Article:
Sunstein does not say exactly which premise above he rejects or claim that the reasoning is invalid.  He does throw some indirect (and unsupported) shade at premise (7) in claiming that originalism was not prevalent in 1800, 1810, or 1820. Sunstein claims that even if George Washington swore an oath to a Constitution that expressed meaning in a context confined to the Founding—as it did, for instance by using terms like "now" to refer to the Founding—it would be circular for the original understanding of the Constitution, on its own, to make the original understanding of the Constitution binding on us. Right. That's exactly why premise (4) is so important. Current American oath-taking culture looks back to George Washington's Constitution and claims to swear an oath to it too. Of course, (4) by itself doesn't give us originalism, because the Founder's Constitution could have been an intergenerationally-authored Dworkinian one. It just happens that it wasn't. And because we swear an oath to the same Constitution that the Founders did, we're stuck with the bindingness of the meaning expressed by the text in its original context. 

Besides blurring oath violations and impeachable offenses and failing to confront the attitude of today's culture toward the Founders' Constitution, Sunstein blurs sense and reference in his comments on sex discrimination and racial segregation. He claims that the legitimacy of changing applications undermines the bindingness of original meaning. But it doesn't. The constitutional categories expressed by the text in its original context require facts to produce applications, and the Founders could get those facts wrong. A simple instance involves the relative populations of North Carolina and Maryland. The interim rules of Article I section 2 clause 3 make clear that the Founders thought Maryland more populous, but the first census showed otherwise, and the original meaning of "according to their respective numbers," applied to the actual facts, governs rather than the Founders' expected applications. As noted above in the comment on Perkins, the same would be true for moral terminology and moral facts. See here; on the prevalency of the distinction between meaning and application among originalists, see Mitch Berman here at 385-89. 

Update 3 (5/16): Erik Encarnacion and Guha Krishnamurthi reply in a brief paper, Why the Oath Doesn’t Entail Originalist Adjudication. A key premise (their P3) is that Thayerian deference denies originalism. But this is, I think, a category mistake. Views about the separation of interpretive power are orthogonal to issues of the constitutional truthmaker, which the “This Constitution” oath argument aims to resolve. On the Tarskian semantic conception of truth that I deploy here, the constitutional truthmaker is the portion of reality that the phrase “the Constitution” picks out. But that doesn’t entail anything about the distribution of interpretive power or the standards of proof used when courts (or others) are considering disagreeing with a legislature. It only sets up the question (on my view, the question about original meaning) that oath-bound interpreters must ask. That’s consistent with using any of the usual standards of proof in the setting of judicial review: preponderance, clarity, beyond a reasonable doubt, or something stronger still. As Encarnacion and Krishnamurthi point out, Steve Calabresi thinks that the original meaning of “judicial power” is inconsistent with Thayer’s views. And as it happens, I also disagree with Thayer, who neglects the contingency of clarity and the judicial duty of clarification during adjudication; judges who are doing their best will not neglect relevant evidence about original meaning and application-determining facts that emerges later on, nor fail to make proper inferences from the failure of litigants to justify legislation. But the issue of the level of proof judges should demand before engaging in judicial review is distinct from the issue of what oath-bound people are talking about when then say things of the form “the Constitution requires X.” For much more, besides the two articles just linked, see here and here.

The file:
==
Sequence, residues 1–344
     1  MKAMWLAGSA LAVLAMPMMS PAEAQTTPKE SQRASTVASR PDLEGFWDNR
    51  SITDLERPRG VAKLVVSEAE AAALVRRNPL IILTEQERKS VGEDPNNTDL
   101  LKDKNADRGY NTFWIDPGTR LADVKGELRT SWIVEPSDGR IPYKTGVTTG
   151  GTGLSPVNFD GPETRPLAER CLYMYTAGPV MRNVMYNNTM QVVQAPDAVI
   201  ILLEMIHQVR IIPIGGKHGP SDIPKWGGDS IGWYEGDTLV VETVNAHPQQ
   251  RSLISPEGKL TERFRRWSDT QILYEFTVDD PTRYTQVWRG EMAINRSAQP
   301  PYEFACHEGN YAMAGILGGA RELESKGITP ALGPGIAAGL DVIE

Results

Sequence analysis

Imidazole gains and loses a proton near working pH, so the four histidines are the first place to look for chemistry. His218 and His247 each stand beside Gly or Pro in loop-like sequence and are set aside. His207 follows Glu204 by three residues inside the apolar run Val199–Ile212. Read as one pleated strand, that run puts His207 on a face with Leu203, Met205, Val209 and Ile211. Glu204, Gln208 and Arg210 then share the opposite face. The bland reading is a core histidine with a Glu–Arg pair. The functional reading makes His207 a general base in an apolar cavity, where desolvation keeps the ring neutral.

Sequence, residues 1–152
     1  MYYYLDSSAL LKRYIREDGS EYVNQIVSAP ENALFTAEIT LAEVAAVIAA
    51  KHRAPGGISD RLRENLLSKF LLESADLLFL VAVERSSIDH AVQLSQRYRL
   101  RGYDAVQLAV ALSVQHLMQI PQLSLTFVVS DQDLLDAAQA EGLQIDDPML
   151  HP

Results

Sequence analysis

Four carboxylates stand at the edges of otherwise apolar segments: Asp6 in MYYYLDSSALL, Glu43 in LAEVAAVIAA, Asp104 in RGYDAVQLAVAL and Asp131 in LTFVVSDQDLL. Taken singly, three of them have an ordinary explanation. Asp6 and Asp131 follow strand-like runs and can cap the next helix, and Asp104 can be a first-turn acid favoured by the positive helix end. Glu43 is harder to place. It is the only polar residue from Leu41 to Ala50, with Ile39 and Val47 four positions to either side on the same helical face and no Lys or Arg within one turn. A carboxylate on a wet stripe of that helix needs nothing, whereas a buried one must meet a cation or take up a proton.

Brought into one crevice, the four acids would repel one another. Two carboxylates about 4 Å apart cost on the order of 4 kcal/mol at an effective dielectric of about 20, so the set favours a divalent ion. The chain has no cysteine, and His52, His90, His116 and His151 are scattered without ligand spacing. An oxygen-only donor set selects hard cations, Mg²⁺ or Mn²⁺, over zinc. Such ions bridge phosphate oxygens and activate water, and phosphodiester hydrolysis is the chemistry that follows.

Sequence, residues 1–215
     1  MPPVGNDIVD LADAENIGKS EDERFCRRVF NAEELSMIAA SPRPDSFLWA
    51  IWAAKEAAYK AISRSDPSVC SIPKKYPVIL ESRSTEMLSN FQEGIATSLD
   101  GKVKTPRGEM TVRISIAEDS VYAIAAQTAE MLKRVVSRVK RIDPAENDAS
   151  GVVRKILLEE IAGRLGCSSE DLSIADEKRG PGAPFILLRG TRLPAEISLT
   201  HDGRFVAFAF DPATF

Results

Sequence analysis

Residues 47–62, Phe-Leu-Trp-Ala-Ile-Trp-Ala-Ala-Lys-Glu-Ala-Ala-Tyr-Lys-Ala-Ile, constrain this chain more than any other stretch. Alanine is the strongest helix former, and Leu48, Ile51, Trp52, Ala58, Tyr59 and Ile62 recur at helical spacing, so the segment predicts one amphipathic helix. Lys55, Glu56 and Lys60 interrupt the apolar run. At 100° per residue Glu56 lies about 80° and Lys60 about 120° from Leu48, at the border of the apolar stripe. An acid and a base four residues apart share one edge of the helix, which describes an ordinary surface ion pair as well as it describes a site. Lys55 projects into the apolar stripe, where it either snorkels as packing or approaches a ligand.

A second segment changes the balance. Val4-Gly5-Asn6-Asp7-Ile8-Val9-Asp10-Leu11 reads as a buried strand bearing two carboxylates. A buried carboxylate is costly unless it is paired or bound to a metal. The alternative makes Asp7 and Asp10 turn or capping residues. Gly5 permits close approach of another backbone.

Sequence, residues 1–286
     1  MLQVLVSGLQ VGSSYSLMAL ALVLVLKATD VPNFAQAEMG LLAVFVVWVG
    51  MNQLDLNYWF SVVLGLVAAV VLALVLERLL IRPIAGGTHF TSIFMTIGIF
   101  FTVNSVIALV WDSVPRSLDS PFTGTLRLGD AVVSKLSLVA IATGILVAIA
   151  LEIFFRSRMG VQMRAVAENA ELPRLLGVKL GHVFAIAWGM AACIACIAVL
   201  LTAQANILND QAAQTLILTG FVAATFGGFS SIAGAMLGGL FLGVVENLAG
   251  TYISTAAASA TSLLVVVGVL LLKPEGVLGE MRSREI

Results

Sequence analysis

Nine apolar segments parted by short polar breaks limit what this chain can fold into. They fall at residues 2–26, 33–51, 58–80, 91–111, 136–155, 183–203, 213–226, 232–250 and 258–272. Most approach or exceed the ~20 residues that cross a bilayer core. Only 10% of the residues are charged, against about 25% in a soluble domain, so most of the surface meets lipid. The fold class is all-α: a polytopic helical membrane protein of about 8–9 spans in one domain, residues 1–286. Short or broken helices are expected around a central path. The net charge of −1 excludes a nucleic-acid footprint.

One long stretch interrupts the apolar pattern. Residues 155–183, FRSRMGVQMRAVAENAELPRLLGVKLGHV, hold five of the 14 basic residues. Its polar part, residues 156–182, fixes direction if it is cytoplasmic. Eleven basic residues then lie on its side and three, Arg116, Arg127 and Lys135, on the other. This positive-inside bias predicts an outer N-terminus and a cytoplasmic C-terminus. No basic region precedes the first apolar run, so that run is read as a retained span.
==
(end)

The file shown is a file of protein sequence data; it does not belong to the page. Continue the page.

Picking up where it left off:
Update 4 (5/17): Sunstein in September 2019: "It’s terrible for a president to violate the oath of office, but doing so is not, by itself, an impeachable offense."

Update 5 (5/20): Vermeule doubles down on the circularity charge by focusing on premise (4): “[S]ee if you can spot the premise that smuggles in originalism here.”

Vermeule silly

But a non-originalist who thinks George Washington swore to support a living constitution—and that's a lot of them—should agree with (4). Sunstein, for instance, agrees with it.  Ronald Dworkin, Jed Rubenfeld, James Fleming, and Sotirios Barber all would agree with it. The only non-originalist who would disagree with (4) would be one who thought that the original Constitution was somehow swapped out for a different one along the course of American history at some point. 

Update 6 (5/21): I respond to Sunstein in Newsweek here.